Stand up interlude: Maria Bamford performs on the Late Late Show with Craig Ferguson.
House Republicans are already moving to block anti-emissions action, reports Juliet Eilperin: "Three Republican House members -- Marsha Blackburn (Tenn.), Shelley Moore Capito (W. Va.) and Ted Poe (Tex.) have each introduced separate bills aimed at blocking EPA from regulating carbon dioxide and other greenhouse gases under the Clean Air Act. The three measures hamstring the agency's authority in different ways: Blackburn's would 'amend the Clean Air Act to provide that greenhouse gases are not subject to the Act,' even though the Supreme Court ruled in 2007 that they are; Capito's would delay EPA from regulating carbon dioxide and methane for two years; and Poe's would prohibit any agency funding 'to be used to implement or enforce a cap-and-trade program for greenhouse gases.'"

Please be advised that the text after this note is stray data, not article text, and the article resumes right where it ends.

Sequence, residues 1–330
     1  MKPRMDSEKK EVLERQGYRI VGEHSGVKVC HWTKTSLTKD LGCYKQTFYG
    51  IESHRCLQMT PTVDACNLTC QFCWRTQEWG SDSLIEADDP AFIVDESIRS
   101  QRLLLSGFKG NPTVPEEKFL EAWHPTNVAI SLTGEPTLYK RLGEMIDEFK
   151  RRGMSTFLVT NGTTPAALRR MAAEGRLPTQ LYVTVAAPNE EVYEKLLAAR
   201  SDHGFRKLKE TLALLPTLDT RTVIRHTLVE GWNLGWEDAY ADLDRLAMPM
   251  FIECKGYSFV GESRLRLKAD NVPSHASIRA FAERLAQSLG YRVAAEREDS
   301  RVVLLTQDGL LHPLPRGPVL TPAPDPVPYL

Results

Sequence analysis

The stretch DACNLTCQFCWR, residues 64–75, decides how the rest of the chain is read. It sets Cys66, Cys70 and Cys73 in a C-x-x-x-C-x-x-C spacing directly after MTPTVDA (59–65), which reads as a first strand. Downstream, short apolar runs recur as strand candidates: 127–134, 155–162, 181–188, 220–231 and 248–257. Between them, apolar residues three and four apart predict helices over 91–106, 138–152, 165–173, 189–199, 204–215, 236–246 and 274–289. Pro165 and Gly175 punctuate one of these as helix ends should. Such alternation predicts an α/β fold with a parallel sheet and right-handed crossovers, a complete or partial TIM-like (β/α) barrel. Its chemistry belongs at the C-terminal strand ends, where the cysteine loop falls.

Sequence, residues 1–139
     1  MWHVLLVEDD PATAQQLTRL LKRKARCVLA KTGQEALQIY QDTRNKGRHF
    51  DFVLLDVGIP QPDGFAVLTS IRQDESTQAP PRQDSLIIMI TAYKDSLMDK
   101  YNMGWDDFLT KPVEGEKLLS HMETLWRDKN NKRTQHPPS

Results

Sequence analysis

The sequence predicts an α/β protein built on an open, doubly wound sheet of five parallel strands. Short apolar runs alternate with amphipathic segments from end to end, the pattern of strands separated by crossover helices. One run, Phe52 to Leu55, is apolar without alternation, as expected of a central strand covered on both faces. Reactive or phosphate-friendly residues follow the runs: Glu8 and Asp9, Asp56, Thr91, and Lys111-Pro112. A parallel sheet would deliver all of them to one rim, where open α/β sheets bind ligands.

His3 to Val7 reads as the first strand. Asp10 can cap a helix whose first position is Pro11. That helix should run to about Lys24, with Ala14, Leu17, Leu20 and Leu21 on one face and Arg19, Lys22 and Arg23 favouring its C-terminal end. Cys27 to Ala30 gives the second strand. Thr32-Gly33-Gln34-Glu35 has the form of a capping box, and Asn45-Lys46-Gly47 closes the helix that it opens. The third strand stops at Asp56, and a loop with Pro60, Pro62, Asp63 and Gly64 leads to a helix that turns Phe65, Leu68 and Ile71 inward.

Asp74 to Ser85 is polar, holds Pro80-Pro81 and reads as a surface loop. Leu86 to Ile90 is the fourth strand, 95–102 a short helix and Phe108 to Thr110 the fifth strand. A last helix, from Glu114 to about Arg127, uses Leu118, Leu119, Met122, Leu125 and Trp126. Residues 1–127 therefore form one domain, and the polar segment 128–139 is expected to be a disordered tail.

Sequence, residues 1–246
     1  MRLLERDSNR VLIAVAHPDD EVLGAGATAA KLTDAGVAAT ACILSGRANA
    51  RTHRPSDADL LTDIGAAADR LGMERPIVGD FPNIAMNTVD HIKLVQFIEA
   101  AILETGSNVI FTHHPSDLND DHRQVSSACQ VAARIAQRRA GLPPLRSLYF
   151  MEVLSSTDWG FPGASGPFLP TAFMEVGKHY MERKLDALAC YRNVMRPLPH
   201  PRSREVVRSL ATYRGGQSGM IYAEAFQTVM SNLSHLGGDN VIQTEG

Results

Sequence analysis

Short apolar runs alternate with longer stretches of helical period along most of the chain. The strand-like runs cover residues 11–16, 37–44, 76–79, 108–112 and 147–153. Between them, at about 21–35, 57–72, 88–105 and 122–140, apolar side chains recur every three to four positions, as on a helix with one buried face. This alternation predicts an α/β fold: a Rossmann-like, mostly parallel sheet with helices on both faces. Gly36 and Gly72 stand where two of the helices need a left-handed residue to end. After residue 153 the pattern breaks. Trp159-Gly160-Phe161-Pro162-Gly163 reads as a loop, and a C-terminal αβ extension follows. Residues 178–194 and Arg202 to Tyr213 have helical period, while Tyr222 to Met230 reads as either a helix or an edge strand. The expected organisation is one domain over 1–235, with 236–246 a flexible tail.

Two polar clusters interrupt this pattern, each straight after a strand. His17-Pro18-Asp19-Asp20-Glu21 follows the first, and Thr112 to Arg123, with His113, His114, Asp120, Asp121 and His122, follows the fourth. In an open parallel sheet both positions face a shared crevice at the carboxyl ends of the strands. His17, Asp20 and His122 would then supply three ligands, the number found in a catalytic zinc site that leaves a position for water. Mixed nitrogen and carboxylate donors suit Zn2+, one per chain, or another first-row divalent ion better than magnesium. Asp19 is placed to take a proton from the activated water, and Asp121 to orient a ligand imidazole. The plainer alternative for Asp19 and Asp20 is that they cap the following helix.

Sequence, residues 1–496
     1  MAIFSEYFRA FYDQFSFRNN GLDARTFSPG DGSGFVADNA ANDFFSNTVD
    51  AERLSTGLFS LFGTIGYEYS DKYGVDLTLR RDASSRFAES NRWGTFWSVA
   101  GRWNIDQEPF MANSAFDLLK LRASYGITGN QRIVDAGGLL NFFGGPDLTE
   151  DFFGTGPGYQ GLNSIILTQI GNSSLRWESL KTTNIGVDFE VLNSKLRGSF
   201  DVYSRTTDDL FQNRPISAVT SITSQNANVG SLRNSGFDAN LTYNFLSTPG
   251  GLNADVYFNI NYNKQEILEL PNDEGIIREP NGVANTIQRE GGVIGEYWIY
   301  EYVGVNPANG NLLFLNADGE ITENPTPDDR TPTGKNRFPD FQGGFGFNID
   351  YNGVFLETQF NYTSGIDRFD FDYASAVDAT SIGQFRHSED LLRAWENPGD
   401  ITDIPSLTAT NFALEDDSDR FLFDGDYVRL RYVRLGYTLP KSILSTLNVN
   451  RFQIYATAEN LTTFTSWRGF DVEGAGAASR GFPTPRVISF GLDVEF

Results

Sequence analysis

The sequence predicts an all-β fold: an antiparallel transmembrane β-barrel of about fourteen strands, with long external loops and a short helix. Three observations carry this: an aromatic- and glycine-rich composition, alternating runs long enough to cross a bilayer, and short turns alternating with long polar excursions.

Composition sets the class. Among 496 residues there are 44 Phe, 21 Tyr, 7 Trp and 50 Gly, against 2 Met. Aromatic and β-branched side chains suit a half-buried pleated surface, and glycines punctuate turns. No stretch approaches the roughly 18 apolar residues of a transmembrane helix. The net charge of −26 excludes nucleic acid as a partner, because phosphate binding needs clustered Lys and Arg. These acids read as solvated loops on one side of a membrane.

Energy companies dominate the list of corporations asking Rep. Darrel Issa for help with regulations: http://bit.ly/ii2TSz
Sen. Barbara Boxer is pledging to block legislation stripping the EPA's power to regulate greenhouse gas emissions: http://bit.ly/hv18MC
Closing credits: Wonkbook is compiled and produced with help from Dylan Matthews, Mike Shepard, and Michelle Williams.
| January 7, 2011; 6:39 AM ET